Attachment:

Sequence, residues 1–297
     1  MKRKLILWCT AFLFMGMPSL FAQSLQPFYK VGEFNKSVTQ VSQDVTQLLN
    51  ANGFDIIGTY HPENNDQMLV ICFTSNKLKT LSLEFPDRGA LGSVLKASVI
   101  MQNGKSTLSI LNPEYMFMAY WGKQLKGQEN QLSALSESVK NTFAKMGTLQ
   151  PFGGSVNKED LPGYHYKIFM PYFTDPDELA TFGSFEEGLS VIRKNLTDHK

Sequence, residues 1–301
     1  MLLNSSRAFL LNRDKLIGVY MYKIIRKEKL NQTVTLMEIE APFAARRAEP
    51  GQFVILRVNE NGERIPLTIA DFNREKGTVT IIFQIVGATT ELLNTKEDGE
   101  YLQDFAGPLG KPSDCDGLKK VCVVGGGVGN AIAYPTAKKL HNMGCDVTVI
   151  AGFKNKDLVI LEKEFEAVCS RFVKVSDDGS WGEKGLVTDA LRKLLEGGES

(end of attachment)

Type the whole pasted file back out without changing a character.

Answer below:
Sequence, residues 1–297
     1  MKRKLILWCT AFLFMGMPSL FAQSLQPFYK VGEFNKSVTQ VSQDVTQLLN
    51  ANGFDIIGTY HPENNDQMLV ICFTSNKLKT LSLEFPDRGA LGSVLKASVI
   101  MQNGKSTLSI LNPEYMFMAY WGKQLKGQEN QLSALSESVK NTFAKMGTLQ
   151  PFGGSVNKED LPGYHYKIFM PYFTDPDELA TFGSFEEGLS VIRKNLTDHK

Sequence, residues 1–301
     1  MLLNSSRAFL LNRDKLIGVY MYKIIRKEKL NQTVTLMEIE APFAARRAEP
    51  GQFVILRVNE NGERIPLTIA DFNREKGTVT IIFQIVGATT ELLNTKEDGE
   101  YLQDFAGPLG KPSDCDGLKK VCVVGGGVGN AIAYPTAKKL HNMGCDVTVI
   151  AGFKNKDLVI LEKEFEAVCS RFVKVSDDGS WGEKGLVTDA LRKLLEGGES